Chalk stream tributary of the River Thames joins Salmon & Trout Conservation’s volunteer led river monitoring

The South East Rivers Trust has joined Salmon & Trout Conservation’s (S&TC) SmartRivers programme to monitor water quality on the River Hogsmill in Surrey. SmartRivers uses invertebrate samples to monitor water quality alongside the rivers capability to support healthy populations of wild fish.

Much loved by the local community, the River Hogsmill is one of only 200 chalk streams in the world and a tributary of the River Thames. Sadly, like many urban rivers, it suffers a range of pressures and consequently significant habitat degradation.

Jess Mead, from the South East Rivers Trust, said: “we hope that by joining Salmon & Trout Conservation’s SmartRivers project, we will further equip our existing network of citizen scientists and allow them to develop knowledge of the river and what is needed to restore it.

“Water quality is of real concern for the Hogsmill. Two consented storm tanks in the headwaters of the stream discharge sewage during high rainfall, and major road networks in south London cross the river causing road runoff and toxic pollutants to wash into the river through surface water. The Hogsmill also faces threat from inadequate infrastructure with residential properties discharging water directly into the river from washing machines and bathrooms. All these pollutants have been exaggerated more recently with the river experiencing extremely low flows, resulting in less water to dilute the increasing pollution”.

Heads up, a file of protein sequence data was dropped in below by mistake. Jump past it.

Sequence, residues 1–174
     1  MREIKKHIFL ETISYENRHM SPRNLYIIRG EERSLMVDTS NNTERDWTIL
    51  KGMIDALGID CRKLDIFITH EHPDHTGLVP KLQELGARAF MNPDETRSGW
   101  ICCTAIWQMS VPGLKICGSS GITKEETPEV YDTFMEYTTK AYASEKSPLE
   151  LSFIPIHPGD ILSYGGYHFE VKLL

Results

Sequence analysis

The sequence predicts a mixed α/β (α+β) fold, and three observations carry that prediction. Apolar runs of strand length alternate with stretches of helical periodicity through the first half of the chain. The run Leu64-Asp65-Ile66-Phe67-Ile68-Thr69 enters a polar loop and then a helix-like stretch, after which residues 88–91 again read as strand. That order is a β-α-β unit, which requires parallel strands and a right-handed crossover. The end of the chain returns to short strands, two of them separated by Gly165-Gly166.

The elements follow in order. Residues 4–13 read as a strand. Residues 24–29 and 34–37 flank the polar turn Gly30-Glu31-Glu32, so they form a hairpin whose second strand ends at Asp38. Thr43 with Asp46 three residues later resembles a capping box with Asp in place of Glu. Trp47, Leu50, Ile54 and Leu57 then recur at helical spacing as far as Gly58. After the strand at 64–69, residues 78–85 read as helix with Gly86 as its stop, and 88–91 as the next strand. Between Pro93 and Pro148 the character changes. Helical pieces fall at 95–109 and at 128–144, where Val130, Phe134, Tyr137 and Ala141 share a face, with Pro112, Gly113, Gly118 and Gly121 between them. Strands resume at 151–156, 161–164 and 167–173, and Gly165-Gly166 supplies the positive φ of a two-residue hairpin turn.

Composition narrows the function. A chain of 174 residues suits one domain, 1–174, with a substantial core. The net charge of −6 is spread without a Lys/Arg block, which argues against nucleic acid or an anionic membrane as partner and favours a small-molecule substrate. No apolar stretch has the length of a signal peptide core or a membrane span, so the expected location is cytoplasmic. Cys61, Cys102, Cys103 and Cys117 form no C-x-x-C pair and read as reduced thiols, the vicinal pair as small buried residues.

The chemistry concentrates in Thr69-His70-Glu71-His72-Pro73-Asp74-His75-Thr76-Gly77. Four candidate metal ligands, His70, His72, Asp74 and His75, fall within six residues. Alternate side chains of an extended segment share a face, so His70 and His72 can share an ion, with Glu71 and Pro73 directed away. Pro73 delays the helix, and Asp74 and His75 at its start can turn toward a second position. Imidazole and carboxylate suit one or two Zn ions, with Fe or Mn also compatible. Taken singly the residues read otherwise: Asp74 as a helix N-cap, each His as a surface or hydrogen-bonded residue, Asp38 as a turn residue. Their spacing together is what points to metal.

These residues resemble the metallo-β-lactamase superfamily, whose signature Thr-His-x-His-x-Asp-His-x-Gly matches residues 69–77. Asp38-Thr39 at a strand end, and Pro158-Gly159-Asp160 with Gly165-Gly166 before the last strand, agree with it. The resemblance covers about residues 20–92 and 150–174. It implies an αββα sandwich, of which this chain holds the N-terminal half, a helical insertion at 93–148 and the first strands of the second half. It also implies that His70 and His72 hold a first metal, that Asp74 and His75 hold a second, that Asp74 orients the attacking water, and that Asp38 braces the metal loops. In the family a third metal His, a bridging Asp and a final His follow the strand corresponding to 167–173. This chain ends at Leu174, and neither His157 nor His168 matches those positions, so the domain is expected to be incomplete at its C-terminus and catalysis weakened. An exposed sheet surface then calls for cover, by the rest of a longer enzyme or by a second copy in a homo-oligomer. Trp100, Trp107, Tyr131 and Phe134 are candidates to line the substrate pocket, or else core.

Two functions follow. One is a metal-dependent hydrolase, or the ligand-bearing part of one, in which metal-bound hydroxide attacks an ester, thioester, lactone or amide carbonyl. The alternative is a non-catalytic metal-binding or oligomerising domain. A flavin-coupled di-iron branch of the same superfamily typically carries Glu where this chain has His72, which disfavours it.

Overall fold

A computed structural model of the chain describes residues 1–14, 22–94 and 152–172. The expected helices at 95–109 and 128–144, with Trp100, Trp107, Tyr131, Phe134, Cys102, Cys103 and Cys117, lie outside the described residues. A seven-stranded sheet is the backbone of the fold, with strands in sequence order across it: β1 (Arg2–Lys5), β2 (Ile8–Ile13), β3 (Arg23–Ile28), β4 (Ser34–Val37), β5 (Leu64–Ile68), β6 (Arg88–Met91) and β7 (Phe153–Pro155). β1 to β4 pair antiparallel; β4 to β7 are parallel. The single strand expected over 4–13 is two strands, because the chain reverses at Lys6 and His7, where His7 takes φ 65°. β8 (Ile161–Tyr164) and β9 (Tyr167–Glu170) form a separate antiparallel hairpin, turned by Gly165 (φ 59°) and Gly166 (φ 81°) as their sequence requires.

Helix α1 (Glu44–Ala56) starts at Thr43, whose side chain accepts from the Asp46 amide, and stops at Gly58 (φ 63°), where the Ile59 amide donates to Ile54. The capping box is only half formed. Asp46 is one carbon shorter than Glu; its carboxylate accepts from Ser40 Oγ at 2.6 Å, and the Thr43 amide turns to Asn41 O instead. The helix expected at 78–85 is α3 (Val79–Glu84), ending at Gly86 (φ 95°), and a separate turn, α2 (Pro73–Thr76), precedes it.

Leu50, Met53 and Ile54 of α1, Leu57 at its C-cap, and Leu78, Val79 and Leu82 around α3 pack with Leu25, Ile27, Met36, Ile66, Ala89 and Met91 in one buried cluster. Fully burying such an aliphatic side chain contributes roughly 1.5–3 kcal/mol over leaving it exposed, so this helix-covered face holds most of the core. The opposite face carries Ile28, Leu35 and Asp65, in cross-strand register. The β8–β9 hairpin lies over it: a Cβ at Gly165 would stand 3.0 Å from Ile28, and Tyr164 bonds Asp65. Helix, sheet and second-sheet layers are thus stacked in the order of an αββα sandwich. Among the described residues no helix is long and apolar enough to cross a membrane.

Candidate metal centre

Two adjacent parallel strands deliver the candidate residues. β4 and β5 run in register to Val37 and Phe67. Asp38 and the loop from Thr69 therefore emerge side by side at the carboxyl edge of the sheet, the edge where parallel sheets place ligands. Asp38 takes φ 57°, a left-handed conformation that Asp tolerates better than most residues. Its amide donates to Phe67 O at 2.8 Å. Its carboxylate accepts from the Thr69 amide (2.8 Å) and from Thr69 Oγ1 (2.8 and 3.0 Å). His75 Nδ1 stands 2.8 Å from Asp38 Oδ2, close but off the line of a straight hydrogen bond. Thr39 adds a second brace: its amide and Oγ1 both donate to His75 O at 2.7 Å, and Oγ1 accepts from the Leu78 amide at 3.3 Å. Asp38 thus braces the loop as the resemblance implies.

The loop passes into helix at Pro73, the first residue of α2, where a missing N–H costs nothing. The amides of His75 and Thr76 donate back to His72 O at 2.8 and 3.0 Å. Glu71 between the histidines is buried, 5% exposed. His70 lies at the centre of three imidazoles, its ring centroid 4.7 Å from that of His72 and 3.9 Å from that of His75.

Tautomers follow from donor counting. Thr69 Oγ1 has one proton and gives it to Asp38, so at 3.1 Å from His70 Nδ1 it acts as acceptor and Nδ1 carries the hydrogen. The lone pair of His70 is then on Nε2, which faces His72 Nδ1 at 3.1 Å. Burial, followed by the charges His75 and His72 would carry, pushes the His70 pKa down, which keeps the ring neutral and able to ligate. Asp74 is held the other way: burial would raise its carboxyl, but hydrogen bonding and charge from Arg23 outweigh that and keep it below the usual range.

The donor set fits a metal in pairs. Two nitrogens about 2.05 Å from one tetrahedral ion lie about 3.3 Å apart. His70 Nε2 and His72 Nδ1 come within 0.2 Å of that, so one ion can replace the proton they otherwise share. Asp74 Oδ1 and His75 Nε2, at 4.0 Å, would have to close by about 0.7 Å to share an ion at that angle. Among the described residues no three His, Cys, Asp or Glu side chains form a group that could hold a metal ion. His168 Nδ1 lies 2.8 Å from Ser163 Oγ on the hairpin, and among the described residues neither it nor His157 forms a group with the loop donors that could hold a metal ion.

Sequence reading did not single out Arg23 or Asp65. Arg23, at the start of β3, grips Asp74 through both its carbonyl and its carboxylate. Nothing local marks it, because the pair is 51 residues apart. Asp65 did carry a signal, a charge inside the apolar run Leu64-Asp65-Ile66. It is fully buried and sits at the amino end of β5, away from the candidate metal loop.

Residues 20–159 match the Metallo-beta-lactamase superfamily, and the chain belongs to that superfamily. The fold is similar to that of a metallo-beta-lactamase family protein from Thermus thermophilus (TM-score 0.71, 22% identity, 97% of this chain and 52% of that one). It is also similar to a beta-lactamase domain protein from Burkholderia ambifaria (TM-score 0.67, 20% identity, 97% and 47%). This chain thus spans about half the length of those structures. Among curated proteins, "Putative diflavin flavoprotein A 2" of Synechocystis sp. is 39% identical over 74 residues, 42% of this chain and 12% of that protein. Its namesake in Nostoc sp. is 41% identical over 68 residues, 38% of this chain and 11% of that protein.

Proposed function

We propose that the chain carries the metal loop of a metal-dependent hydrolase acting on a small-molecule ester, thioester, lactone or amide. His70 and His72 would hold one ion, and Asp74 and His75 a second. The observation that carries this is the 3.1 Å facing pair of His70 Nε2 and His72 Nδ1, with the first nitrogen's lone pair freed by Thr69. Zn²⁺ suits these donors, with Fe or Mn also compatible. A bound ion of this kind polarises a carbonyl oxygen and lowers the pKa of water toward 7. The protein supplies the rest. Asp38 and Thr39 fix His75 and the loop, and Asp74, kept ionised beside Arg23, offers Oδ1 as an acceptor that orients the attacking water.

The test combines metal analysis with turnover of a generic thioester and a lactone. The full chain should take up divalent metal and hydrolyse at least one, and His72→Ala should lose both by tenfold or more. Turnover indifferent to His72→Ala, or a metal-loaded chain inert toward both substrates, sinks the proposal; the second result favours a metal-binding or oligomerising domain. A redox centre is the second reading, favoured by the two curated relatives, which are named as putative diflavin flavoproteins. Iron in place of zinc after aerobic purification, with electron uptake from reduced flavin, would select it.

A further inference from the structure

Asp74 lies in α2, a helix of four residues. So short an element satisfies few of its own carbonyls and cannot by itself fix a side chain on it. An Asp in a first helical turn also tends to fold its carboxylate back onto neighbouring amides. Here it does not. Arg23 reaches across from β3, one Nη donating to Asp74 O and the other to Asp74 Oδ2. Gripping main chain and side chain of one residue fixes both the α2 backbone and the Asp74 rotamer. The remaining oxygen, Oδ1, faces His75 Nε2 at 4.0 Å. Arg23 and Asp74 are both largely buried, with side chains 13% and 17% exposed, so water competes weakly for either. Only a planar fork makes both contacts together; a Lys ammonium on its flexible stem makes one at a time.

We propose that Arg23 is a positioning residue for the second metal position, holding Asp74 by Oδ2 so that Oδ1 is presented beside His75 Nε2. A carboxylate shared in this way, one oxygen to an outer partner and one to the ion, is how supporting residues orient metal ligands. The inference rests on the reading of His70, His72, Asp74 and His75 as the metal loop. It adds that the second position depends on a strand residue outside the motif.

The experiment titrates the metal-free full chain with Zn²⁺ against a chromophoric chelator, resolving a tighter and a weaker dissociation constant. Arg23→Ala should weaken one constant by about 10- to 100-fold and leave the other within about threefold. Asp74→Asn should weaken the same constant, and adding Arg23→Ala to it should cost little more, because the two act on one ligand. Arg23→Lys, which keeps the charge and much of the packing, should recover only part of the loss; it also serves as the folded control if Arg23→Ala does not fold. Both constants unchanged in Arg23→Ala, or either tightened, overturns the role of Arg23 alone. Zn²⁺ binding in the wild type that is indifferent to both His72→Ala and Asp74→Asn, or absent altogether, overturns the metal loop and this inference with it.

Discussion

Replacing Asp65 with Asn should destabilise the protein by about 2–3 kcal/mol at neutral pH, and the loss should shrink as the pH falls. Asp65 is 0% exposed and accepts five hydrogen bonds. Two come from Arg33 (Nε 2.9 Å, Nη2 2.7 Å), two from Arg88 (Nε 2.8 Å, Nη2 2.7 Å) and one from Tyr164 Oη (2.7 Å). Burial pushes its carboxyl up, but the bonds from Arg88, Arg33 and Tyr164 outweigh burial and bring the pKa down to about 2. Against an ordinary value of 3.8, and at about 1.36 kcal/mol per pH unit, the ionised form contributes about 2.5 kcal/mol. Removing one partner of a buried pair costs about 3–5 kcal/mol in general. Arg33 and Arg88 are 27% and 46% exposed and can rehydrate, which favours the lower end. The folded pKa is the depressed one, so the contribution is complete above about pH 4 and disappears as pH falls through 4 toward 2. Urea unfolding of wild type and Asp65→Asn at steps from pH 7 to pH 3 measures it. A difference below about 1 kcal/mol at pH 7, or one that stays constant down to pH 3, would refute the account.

Rubbish floating on the River Thames after a storm.
Rubbish floating on the River Thames after a storm.

Lauren Mattingley, SmartRivers project manager, added: “A volunteer-led scheme, SmartRivers is designed to upskill volunteers, and supports the collection of high-quality data that can be used to target river restoration projects.

“SmartRivers monitoring has a wide range of applications. One of these is to see if remediation actions have led to river improvement from a biodiversity perspective. A huge variety of river improvement projects take place without high resolution before and after monitoring in place. SmartRivers fills this gap, providing long-term evidence of how work has impacted water quality. We are delighted that the former Surrey Branch of the Salmon and Trout Conservation have sponsored the cost of this project and really look forward to seeing how the invertebrate communities respond to the efforts being made on the River Hogsmill”.

To find out more about SmartRivers, please visit the SmartRivers page or email smartrivers@salmon-trout.org